In addition, the resolution set out a list of alleged violations that should be included in our fact-finding. Significantly, allegations of the same types of violations have arisen in the context of recent attacks on security posts in the Rakhine state and the ensuing security operation of the Myanmar authorities – mass killings, excessive use of force, torture and ill-treatment, sexual and gender-based violence, and the burning and destruction of entire villages. There are reports of landmines being planted on the border with Bangladesh that are maiming and killing those trying to escape the violence, including children. There are also reports of dehumanizing propaganda that akin the Rohingya to pests. This Council will recognize the danger signs, having seen the world over how hate speech often precedes and accompanies major atrocities.

We are alarmed by these reports and we will examine them very carefully. Putting aside our eventual findings on the human rights allegations, which I would not wish to pre-empt, it is clear to us that there is a grave humanitarian crisis underway that requires urgent attention. Over 400,000 people have sought refuge in Bangladesh in less than one month.

here are reports that nearly 200 Rohingya villages in the affected area have been emptied.

It is important for us to see with our own eyes the sites of these alleged violations and abuses and to speak directly with the affected people and with the authorities. For that reason, we communicated with the Government of Myanmar, requesting cooperation with us and full and unfettered access to the country. We are hopeful that our request will be met positively, since we know of the Government’s expressed concern for truth. We firmly believe that it is in the Government’s interest and in the interests of the people of Myanmar to communicate their views and evidence directly to the Fact-Finding Mission. I take this occasion to reiterate our request to the Government of Myanmar for cooperation, most importantly by granting us access to the country.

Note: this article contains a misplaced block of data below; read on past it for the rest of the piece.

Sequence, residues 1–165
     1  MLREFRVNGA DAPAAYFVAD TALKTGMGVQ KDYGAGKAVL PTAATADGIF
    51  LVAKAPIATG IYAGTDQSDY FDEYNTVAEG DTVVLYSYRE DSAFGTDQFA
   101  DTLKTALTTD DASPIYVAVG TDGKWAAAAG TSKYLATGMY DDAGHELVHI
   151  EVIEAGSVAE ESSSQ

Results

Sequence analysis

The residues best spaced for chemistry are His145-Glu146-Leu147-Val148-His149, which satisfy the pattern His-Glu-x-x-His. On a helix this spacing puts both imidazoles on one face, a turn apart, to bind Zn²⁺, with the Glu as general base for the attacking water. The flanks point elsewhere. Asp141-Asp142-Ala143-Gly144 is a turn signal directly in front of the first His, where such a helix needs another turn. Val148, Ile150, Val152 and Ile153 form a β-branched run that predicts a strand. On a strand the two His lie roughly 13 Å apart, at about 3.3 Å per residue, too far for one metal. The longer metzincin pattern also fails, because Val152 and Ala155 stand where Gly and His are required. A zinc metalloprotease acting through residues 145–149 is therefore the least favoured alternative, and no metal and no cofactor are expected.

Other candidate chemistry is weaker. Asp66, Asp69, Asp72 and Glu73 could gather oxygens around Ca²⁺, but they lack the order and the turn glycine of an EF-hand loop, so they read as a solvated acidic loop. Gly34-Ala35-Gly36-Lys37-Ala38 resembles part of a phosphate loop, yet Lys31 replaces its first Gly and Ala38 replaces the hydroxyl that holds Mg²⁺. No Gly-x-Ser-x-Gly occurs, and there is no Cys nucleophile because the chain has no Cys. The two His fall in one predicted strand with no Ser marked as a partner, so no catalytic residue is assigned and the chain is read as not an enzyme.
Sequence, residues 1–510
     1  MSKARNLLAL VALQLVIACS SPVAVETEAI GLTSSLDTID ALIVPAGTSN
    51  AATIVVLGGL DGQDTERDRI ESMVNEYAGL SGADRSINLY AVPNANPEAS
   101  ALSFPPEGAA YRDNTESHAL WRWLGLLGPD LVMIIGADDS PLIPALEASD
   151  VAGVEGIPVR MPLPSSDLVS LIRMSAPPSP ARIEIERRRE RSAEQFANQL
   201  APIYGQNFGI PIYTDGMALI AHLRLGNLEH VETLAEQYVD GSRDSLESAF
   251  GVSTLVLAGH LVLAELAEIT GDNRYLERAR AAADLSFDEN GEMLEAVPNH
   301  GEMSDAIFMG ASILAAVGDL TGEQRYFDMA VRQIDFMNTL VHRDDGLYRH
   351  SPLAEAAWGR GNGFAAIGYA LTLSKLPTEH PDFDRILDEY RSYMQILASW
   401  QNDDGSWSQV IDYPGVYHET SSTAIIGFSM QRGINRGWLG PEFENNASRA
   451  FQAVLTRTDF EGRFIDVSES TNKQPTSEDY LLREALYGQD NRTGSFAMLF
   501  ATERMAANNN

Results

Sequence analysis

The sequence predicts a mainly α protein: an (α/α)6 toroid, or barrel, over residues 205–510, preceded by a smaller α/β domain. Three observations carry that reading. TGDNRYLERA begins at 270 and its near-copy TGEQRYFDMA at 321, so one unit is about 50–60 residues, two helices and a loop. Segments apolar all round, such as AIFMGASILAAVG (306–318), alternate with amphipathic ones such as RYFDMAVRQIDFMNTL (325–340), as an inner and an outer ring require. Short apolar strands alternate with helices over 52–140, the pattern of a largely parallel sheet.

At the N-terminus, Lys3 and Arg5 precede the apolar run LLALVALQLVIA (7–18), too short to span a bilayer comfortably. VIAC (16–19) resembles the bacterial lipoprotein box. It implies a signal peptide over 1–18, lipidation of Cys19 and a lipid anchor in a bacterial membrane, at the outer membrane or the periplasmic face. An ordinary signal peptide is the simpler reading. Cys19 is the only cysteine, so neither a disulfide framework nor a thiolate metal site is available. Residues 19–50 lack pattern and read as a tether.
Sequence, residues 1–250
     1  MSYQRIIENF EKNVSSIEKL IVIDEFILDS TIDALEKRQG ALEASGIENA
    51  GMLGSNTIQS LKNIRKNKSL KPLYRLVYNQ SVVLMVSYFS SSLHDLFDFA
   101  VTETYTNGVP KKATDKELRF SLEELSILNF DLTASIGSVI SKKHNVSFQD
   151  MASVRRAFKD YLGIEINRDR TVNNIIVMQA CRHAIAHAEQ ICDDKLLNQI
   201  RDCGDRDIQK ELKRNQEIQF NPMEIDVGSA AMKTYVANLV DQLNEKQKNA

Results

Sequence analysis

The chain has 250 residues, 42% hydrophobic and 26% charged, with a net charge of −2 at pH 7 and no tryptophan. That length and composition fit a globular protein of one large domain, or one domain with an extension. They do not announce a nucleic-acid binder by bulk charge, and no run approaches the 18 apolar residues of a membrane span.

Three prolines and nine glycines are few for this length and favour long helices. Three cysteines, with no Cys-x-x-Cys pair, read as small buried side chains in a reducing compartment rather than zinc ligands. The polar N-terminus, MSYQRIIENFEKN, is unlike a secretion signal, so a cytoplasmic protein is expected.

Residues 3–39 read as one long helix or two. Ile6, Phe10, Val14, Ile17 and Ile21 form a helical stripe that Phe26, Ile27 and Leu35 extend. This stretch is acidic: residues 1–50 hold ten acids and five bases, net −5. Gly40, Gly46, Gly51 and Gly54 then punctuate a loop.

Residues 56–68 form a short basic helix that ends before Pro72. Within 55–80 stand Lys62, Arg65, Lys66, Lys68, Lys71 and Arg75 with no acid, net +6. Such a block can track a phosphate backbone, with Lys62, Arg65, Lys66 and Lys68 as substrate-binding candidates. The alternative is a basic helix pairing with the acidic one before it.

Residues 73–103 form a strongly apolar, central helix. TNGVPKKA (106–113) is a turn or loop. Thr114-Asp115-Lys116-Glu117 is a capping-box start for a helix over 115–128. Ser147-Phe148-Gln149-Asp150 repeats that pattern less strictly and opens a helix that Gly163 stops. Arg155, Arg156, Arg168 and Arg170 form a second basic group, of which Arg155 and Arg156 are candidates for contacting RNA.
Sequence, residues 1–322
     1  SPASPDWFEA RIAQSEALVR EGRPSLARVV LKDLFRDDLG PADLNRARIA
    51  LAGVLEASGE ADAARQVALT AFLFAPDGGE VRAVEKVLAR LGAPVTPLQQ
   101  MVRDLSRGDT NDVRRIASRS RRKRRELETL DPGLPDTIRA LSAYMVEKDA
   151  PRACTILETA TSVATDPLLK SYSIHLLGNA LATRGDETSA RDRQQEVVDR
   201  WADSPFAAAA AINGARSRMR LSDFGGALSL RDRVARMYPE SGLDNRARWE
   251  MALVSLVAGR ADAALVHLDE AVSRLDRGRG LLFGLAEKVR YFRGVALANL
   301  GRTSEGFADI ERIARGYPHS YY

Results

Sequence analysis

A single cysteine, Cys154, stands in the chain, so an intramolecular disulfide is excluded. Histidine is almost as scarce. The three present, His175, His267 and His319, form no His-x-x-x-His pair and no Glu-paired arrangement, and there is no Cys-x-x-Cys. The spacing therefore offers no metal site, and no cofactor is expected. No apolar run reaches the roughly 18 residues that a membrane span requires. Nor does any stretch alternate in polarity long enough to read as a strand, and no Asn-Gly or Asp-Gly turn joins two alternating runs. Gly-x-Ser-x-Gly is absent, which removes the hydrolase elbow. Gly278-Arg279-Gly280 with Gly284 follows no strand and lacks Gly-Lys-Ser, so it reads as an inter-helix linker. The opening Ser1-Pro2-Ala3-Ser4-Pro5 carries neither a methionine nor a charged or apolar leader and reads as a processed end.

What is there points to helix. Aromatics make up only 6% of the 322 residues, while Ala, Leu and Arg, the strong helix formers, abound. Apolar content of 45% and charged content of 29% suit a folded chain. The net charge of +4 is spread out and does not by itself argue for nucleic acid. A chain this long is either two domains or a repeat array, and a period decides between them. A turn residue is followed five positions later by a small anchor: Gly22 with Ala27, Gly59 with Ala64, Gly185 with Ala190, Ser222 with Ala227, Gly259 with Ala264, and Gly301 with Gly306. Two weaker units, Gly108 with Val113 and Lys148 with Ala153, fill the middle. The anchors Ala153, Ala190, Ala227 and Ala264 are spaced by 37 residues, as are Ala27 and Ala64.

We will proceed to fulfil our mandate following relevant international standards and best practices on human rights fact-finding methodology, as developed by the many missions that preceded us. This includes following the principles of “do no harm”, independence, impartiality and objectivity. We will make full use of modern technology, such as satellite imagery of the reportedly damaged areas, remote communication with those wishing but unable to meet with the Fact-Finding Mission, and the verification of information received, including videos and images, through open sources and other channels.